World Association of News Publishers

WAN-IFRA Brain Trust Heads to Yangon

WAN-IFRA Brain Trust Heads to Yangon

Article ID:


When WAN-IFRA set up the Brain Trust in 2012, it did so with the intention of bringing media professionals together to share insights and information in an inspiring, multi-cultural environment. The recent Media Professionals Program event in Myanmar was an occasion for education, awareness raising and exchange.

By Colette Davidson

As the global media industry faces such challenges as the move towards digital, gender equality and press freedom, it’s increasingly essential to make sure no media organization gets left behind.

WAN-IFRA has dedicated itself to media advocacy for over six decades, providing assistance and expertise to professionals around the world. But it wasn’t until a few years ago that the organization officially launched its Brain Trust initiative – to bring together senior executives from around the world to discuss the challenges facing the press, and provide training and support.

When the Brain Trust became official in 2012, the group consisted of primarily Canadian journalists from the Toronto Star. Now, four years later, there are more than 20 senior media executives who are dedicating their time to mentoring, development and advocacy to such countries as Botswana, Malawi, Egypt, South Africa, Tunisia and Myanmar.

Additionally in 2012, WAN-IFRA created a framework for its Brain Trust – the Media Professionals Program (MPP) – to bolster independent media through training and networking. This January, the MPP headed to Myanmar, where 20 senior media professionals from Cambodia, Myanmar and Vietnam descended on Yangon for five days of workshops on revenue generation, digital strategy, and audience growth and retention.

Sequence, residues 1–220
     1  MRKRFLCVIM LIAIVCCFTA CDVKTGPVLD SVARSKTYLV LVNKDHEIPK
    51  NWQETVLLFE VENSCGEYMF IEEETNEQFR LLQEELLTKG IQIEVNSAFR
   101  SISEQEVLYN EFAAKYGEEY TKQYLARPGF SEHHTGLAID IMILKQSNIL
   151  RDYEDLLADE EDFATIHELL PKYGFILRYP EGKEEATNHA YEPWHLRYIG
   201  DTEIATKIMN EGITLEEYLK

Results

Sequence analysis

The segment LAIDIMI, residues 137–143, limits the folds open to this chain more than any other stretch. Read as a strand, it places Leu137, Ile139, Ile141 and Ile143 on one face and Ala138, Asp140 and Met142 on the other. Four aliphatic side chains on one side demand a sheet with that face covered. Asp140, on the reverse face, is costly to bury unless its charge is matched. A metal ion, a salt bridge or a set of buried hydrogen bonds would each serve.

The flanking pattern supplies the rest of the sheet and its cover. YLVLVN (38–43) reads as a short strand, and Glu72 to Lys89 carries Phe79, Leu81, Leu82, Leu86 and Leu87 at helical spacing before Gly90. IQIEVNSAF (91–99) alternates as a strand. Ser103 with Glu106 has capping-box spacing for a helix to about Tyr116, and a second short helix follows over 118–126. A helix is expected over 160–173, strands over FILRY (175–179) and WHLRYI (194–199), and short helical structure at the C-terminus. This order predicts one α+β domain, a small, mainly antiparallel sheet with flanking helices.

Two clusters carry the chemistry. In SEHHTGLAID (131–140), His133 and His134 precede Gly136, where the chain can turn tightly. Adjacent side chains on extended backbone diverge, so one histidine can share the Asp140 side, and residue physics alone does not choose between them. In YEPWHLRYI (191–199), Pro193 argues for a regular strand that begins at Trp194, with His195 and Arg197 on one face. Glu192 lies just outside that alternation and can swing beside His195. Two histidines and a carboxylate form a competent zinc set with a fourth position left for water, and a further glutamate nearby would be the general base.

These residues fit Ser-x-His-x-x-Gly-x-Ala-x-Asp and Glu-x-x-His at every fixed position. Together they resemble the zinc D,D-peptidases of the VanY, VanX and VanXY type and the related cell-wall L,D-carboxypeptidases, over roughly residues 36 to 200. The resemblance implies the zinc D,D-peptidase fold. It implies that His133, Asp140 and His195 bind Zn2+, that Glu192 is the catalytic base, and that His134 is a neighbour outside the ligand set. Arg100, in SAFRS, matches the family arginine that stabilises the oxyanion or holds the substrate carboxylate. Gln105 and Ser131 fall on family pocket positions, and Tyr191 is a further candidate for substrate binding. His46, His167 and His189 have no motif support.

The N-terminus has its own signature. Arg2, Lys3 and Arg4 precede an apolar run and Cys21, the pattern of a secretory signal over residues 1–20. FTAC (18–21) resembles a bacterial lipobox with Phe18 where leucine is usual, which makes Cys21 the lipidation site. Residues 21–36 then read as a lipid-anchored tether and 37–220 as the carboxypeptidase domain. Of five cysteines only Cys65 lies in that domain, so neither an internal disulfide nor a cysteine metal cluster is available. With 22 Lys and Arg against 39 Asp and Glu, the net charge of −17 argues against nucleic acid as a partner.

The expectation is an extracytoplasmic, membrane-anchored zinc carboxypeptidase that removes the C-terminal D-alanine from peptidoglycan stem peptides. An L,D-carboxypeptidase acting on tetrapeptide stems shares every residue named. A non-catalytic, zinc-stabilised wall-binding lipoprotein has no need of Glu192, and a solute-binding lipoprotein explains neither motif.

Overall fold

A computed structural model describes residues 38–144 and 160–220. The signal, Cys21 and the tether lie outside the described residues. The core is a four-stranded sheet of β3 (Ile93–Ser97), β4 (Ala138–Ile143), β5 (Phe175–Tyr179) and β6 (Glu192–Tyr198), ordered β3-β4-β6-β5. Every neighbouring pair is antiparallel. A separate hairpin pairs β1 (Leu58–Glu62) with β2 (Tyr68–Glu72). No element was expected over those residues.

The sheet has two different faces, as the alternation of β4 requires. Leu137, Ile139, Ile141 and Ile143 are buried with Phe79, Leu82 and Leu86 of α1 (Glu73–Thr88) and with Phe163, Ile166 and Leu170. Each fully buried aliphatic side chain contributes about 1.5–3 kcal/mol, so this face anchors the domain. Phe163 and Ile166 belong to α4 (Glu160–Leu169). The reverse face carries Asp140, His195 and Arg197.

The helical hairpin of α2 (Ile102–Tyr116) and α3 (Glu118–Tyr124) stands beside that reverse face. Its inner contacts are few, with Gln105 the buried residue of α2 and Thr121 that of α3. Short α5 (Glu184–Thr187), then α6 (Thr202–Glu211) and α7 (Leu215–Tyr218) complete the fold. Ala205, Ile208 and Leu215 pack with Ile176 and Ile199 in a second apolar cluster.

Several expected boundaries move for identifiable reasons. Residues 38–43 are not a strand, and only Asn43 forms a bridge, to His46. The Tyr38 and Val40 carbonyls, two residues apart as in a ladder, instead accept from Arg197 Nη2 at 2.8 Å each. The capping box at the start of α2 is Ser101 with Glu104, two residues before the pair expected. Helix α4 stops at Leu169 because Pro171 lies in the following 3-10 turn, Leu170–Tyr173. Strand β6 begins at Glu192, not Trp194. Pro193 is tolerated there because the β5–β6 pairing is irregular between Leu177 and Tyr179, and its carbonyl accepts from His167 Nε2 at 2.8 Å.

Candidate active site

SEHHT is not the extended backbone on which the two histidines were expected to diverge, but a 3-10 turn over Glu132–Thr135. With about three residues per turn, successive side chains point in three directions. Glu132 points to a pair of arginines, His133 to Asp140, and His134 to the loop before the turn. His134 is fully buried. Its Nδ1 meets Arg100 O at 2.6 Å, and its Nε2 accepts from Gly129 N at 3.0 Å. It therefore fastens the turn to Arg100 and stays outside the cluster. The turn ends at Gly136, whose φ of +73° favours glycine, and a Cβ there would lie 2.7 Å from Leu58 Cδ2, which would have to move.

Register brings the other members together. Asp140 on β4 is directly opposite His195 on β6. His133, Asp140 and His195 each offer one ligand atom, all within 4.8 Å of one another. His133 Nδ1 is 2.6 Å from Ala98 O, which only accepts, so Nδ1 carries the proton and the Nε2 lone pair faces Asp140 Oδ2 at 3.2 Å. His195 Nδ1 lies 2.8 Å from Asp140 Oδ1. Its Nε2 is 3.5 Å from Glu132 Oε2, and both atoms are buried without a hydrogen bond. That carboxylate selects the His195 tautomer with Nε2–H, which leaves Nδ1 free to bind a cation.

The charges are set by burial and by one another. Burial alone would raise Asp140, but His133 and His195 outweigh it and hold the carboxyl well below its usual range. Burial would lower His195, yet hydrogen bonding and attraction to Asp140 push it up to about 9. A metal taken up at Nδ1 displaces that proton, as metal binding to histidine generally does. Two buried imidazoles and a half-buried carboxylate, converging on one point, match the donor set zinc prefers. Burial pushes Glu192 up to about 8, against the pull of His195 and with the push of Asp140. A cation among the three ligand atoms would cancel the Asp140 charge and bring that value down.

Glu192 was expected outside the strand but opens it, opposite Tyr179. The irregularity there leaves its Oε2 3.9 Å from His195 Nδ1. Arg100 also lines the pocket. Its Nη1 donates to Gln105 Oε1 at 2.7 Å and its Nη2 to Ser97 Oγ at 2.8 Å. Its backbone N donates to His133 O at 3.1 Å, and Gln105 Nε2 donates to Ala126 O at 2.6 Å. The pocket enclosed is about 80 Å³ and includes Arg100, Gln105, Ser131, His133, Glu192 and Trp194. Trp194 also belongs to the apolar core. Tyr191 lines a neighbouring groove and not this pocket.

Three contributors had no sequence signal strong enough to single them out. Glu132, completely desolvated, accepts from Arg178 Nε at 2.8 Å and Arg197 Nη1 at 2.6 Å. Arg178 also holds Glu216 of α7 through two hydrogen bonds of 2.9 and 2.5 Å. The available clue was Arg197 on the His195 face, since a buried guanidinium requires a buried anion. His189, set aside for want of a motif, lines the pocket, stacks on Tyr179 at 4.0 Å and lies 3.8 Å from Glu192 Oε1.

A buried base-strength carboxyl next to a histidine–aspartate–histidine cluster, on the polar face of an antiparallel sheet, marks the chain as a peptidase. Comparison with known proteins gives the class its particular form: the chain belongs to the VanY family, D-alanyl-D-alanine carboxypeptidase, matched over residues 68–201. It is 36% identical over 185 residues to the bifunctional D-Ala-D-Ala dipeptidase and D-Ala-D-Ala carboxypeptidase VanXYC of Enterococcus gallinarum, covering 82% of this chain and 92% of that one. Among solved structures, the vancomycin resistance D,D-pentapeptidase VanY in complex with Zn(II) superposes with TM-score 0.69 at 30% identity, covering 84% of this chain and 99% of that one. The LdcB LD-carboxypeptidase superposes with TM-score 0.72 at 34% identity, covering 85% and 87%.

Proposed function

Jen Teo is the Director of the MPP from WAN-IFRA’s Singapore office and developed the program by looking at the key challenges facing the participating news organizations. “The main challenges involved generating revenue in a digital world, educating the digital team from an editorial perspective, and capacity building,” says Teo. “The mission of the MPP is to raise the quality of journalism in this digital world, where not just skill sets but also mindsets are changing.”

The overall education of journalists was a top concern for participants, where many news organizations in the region don’t have the resources for training and development.

“Media professionals in Myanmar are facing a lack of professional training because we do not have proper schools,” says participant Myo Hlaing Aung, the General Manager of Information Matrix, which publishes Myanmar’s 7 Day Daily. “Although there are some schools now in Yangon and some scholarship programs from other organizations, we still need to develop professional journalism in Myanmar.”

Teo says many news organizations are also struggling with a decline in readership – putting more pressure to increase digital offerings. All of these challenges have crystallized why, says Teo, “the Brain Trust is a critical, valuable aspect of this program.”